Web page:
Is it possible to be spiritual and selfish at the same time? Let us have a look at the words of the Torah that shed important light on this question.

Vayasa Moshe et ha-am—“Moses made the people journey from the sea.”1 The great miracle had happened. The sea had split and the Egyptian army was no more. The word vayasa—“he made [them] journey”—implies that Moses had to force his people to move on. But why was this necessary? Why wouldn’t they move on their own?

According to Rashi, the enemy was so confident of victory against the Israelites that they bedecked their horses and chariots with gold, silver and precious jewels. These treasures were now being washed up on the seashore, and the Jews were collecting the riches. So they were in no mood to move on. But Moses said they had a date with G‑d at Mount Sinai. As the nation’s leader, he had to compel them to carry on their journey.

The Zohar2 gives a more spiritual explanation. We are taught that the divine revelation at the splitting of the sea was quite an extraordinary experience. In the words of our sages, “What a simple maidservant saw at the sea, even the great prophets were not privileged to see.”3 According to this mystical view, it was not the material wealth they were obsessed with, but rather the incredible spiritual delights they were experiencing.

Either way, it was up to Moses to move them along to their appointment with destiny. And the question is this: If it was gold and silver that was delaying their journey to Sinai, we can well understand the need for Moses to hurry them on. But if it was the spiritual experience of inspired revelation, why move on? Why not stay there as long as possible? Surely, the more G‑dly revelation the better!

The answer is that G‑d was calling. Sinai was beckoning. The entire purpose of the Exodus and all the miracles in Egypt and at the sea was nothing more than to receive the Torah at Sinai. That was the revelation that would give the Jewish people its unique way of life and its very raison d’être. Sinai represents our mission, our mandate. Sinai made us G‑d’s messengers on earth. However we may understand the concept of a chosen people, it was the Sinaitic experience that made us that. Any detours or distractions from the journey to Sinai are therefore out of the question—no matter how lofty or spiritual they might be.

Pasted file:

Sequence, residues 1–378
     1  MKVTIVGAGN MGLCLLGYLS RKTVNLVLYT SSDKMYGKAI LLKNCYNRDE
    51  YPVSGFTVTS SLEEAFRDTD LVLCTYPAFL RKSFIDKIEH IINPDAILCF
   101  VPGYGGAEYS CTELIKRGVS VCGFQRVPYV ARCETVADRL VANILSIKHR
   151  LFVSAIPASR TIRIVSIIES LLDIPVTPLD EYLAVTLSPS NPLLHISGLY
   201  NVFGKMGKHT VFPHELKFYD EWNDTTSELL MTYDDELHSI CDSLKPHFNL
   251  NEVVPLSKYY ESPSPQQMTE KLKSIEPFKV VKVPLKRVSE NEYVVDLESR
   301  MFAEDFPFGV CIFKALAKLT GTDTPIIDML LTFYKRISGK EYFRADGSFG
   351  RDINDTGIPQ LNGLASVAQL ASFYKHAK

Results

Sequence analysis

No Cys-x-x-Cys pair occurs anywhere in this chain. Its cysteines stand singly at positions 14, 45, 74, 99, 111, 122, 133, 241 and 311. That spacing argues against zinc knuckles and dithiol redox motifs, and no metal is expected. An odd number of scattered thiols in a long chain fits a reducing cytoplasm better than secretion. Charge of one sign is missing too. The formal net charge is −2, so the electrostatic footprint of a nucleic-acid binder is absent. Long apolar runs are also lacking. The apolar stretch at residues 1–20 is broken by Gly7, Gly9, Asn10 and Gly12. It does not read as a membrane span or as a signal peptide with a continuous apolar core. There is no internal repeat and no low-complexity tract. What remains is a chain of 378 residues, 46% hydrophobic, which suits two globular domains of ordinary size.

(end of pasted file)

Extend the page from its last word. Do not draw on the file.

It comes as no great shock to learn that gold and silver are not as important as Sinai. But that spirituality, too, must take second place to Sinai—this is indeed big news. And what exactly is Sinai? Torah. And what is Torah? The will of G‑d. In other words, the bottom line is: what does G‑d want? How does He want us to act, to live our lives? So, the big news story here is that even the most amazing spiritual experience, the most extraordinary revelation, is not as important as doing what G‑d wants us to do.

It is a very important message that emerges from this one word, vayasa. It’s not what we want that counts, but what G‑d wants. If we want money and diamonds, and He wants to give us His Torah, then we leave the loot and we go to Sinai. And even if it is a spiritual experience we seek, and G‑d says “Go to Sinai,” we still go to Sinai and we leave the spiritual inspiration for another time.

The following is a true story. It once happened back in the old country that late one night, a wagon driver ran into a yeshivah and cried out to the students to come out and help him. It was urgent, he said. His wagon had overturned, and his horse was stuck in a ditch and was in danger of dying. He needed help to get the wagon upright. It was late at night, and there was no one else he could turn to, so he appealed to the yeshivah students to come to his assistance.

At this point the students’ Talmudic training kicked in, and a long halachic debate ensued. Was it right to leave their Torah study for the sake of a horse? After all, is not Torah study equal to all the other mitzvot combined? On the other hand, the horse provided this Jew’s livelihood. Which takes precedence? The debate raged on and on—and when they finally did decide to go out and help the poor man, it was too late. The horse had died.

Sometimes we can get so caught up in our own spirituality that we become quite selfish. Spiritually selfish, of course, but selfish nonetheless. At the end of the day, it’s not whether we are into materialism or monotheism, money or metaphysics. The ultimate question—and, in fact, the only question—is: what does G‑d want of me at this moment in time? Where should I be and what should I be doing right now?

So, if you find yourself in a quandary or on the horns of a difficult dilemma, ask yourself this very question: What would G‑d want? Yes, sometimes it might be helping a horse out of a ditch. But if that is the call of the hour, then so be it. It might not be very spiritual, but it is the right thing to do.

And if it’s the right thing to do, that makes it very G‑dly.